Starbucks Bans Plastic Straws, Winds Up Using More Plastic. Maybe they should go back to baby bottles, which would fit their clientele well and they can wash and reuse them.

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whiskeyriverflashingscotsmanMGAPdeepthinkerJoe Redfield Recent comment authors
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whiskeyriver
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whiskeyriver

Don’t blame me! I don’t need a plastic straw to drink out of a beer can or shot glass. Besides I think anyone who goes to Starbucks is stupid. $4 or $5 bucks for a latte or some such crap? One little cup? That is asinine. Those are the kind of people who will look around one day and say Oh Shit! I can’t retire because I have no money! I wasted my money on new cars I didn’t need, a home twice as big as I needed and a shit load of Starbucks latte’s over the years!

I can brew a pot of nice, hot, black coffee at home for about .50 cents. I get 4 12oz cups of good coffee per pot and it is coffee, not some fancy crap that tastes like mint or caramel or pumpkin spice or hot chocolate or something.

deepthinker
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deepthinker

Another feel good bull shit stunt. Which has blown up all over Starbucks.

Joe Redfield
Member
Joe Redfield

Plastic straws are like guns(which kill millions without human assistance)in that they apparently throw themselves into the ocean when humans are finished using them. Instead of banning plastic straws we should develop non-suicidal plastics.

MGAP
Member
MGAP

It’s always nice to see the effects of environmentalist failures come to fruition immediately. All these batteries and solar panels not so, it will take decades to understand just how damaging they are to the environment.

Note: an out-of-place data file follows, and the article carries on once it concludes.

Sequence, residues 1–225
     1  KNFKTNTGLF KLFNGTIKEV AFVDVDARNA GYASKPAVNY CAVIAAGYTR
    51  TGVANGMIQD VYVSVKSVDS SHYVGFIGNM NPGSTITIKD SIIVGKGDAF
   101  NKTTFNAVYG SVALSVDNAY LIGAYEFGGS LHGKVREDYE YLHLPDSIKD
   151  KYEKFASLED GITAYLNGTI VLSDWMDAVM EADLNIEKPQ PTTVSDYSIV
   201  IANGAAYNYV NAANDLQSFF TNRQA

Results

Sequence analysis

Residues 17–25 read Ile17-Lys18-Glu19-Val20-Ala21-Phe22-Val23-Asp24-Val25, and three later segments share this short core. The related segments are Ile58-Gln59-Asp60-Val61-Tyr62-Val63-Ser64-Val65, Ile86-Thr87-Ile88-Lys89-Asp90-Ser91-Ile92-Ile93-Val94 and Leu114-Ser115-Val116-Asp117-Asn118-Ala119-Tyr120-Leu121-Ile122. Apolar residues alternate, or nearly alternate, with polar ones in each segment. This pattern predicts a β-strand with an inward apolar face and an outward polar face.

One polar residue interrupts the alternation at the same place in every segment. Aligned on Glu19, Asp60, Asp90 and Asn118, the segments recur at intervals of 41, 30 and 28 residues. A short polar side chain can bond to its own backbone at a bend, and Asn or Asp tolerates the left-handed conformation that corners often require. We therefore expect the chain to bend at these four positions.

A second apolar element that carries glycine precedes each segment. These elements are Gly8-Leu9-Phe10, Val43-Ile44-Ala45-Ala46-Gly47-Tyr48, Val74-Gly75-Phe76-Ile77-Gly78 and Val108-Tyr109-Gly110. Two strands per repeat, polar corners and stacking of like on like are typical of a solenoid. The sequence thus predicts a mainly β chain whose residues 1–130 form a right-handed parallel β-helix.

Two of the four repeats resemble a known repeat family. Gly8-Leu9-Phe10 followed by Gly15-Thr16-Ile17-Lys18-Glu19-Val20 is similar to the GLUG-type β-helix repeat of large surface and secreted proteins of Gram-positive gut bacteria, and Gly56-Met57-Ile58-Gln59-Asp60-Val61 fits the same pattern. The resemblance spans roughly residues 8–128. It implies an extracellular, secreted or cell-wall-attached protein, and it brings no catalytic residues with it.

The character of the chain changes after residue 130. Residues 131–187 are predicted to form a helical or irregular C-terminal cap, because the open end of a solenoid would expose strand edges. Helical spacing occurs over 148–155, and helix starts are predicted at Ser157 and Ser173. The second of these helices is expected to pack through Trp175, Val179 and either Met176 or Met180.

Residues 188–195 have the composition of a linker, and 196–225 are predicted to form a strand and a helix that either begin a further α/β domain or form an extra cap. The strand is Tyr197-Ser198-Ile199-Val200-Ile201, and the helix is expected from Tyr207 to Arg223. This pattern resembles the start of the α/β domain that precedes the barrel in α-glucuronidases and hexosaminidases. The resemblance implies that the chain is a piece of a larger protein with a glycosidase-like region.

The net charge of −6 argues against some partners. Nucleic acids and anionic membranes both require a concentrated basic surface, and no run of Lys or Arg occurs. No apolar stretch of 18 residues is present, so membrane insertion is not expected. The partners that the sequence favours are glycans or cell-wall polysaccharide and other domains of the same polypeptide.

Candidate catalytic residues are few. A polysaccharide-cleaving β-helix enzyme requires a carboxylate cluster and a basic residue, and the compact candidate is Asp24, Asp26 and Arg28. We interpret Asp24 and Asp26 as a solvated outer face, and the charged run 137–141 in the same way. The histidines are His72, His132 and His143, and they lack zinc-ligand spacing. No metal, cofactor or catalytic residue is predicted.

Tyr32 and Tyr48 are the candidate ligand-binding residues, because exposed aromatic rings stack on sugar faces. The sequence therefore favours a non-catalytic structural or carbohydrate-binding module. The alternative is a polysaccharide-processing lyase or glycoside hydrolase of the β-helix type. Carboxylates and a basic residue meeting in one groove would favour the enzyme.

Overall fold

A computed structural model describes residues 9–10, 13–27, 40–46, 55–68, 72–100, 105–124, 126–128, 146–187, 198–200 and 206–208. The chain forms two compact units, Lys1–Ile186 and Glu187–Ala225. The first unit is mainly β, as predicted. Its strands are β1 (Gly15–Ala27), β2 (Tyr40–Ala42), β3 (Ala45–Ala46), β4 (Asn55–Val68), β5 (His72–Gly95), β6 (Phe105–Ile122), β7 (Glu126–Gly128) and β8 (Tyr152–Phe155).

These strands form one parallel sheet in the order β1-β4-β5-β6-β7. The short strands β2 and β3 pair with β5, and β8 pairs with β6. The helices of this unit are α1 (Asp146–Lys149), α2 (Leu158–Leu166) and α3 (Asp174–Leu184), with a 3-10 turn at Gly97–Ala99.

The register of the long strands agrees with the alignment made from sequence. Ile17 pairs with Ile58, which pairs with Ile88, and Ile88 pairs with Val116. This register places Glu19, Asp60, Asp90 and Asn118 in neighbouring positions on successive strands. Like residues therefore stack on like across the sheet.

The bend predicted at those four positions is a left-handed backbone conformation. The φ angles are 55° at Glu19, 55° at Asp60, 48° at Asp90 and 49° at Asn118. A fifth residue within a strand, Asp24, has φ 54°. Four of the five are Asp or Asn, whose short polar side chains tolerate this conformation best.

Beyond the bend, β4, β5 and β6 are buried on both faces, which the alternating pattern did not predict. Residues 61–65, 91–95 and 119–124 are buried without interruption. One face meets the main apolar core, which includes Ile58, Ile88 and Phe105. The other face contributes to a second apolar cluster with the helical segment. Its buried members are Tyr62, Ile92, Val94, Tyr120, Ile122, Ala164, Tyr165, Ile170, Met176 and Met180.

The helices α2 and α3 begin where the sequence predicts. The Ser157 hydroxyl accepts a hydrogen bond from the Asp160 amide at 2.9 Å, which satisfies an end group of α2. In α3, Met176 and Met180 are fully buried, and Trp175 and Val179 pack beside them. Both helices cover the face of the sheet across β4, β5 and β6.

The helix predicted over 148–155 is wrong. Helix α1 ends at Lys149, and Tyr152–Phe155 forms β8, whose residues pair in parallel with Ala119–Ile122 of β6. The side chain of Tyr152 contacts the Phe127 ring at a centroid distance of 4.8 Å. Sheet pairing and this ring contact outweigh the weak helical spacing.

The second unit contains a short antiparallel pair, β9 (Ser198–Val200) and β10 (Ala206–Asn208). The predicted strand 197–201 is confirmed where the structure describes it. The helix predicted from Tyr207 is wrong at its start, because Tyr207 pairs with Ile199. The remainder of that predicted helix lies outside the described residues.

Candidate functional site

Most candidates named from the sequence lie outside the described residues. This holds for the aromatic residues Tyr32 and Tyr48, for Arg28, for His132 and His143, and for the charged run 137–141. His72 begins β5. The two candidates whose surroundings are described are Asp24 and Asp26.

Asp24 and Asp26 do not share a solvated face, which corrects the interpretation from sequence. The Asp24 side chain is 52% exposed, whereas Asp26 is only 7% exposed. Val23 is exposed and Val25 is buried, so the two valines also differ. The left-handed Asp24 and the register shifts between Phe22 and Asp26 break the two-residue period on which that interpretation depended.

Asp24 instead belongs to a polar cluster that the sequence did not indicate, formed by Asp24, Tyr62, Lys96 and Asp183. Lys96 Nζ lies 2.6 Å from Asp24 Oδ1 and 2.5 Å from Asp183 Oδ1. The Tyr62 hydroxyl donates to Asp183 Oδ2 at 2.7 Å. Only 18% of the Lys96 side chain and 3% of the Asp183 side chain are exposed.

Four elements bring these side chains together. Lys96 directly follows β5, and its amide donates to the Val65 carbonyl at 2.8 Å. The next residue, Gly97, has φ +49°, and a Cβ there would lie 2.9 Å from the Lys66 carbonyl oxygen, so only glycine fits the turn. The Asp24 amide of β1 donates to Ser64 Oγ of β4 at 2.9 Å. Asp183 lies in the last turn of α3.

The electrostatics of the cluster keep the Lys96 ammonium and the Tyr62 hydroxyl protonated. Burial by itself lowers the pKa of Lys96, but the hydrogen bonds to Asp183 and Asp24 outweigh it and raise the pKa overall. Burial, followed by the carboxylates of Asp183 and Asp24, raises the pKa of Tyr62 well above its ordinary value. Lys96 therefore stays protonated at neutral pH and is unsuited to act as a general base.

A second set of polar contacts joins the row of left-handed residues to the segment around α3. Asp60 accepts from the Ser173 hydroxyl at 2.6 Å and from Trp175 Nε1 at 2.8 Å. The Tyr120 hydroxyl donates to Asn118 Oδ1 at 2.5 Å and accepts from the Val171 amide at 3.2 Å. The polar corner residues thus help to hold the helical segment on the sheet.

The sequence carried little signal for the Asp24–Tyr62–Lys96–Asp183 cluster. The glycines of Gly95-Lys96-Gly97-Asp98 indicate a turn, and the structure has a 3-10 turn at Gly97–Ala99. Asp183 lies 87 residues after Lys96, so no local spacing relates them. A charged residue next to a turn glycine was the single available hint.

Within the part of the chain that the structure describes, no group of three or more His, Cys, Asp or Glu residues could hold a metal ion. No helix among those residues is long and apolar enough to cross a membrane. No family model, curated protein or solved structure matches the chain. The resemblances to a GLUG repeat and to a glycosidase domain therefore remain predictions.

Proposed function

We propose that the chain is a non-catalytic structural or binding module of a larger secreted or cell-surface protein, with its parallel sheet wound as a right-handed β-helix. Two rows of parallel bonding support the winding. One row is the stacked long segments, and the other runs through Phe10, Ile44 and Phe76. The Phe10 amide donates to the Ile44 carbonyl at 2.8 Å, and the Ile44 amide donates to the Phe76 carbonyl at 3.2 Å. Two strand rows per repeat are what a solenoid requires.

whiskeyriver
Member
whiskeyriver

You want to really screw up an ecofreaks head explain to him what lithium is!

It is a mineral, just like coal, copper or iron ore and must be mined just like coal, copper or iron ore. Which takes machinery that uses diesel that when burned pollutes the atmosphere. Plus the land gets torn up because open pit mining is the only way to get the ore out of the ground.

Then the ore has to be processed, smelted, which takes a ton of energy that comes from coal, natural gas and nuclear power plants. All of which are a taboo to a real environmentalist.

Then explain to them that the processed lithium has to be encased in plastic to make the actual battery. Plastic that is made from byproducts from oil refining just like his red solo cup or plastic drink straws.

Finally, explain how processed lithium is non-biodegradable, just like mercury or uranium. There is no way to recycle it, no way to destroy it without causing other problems, the only way to dispose of those old batteries is by burying them somewhere. Out of sight, out of mind.

Maybe their heads will have exploded by then and you won’t have to put up with the ecofreaks anymore.

MGAP
Member
MGAP

They’ll write off this bit of data by saying that if we hadn’t been reliant on oil for so long we could have already developed the technology to replace lithium batteries. There’s always an out for the liberal/environazi pukes.

whiskeyriver
Member
whiskeyriver

Yeah, I know. And you would think I would know arguing with an ecofreak is useless. I have been trying to tell them for years that this ethanol nonsense wastes more energy than it is worth.

It takes 10 times the amount of electricity to produce one gallon of corn for fuel than it does to produce a gallon of gasoline. Where does that electricity come from? Coal, gas and nuclear power plants, all the things ecofreaks hate.

They are to stupid to understand that all their ethanol “blended” gasoline, their little electric cars, everything they are so big on are doing the opposite of that they want, creating more pollution. Not only is there any way to get rid of the batteries safely where do those electric car idiots think the electricity comes from to charge the batteries? Coal, gas and nuclear power plants. They can argue hydroelectric is great but dams only supply about 25% of our renewable energy and good luck on getting any more built. Solar and wind? Maybe 10% of our energy needs, when the damn things work. No sun, no power. No wind, no power. I ain’t a rocket scientist but I can figure that out.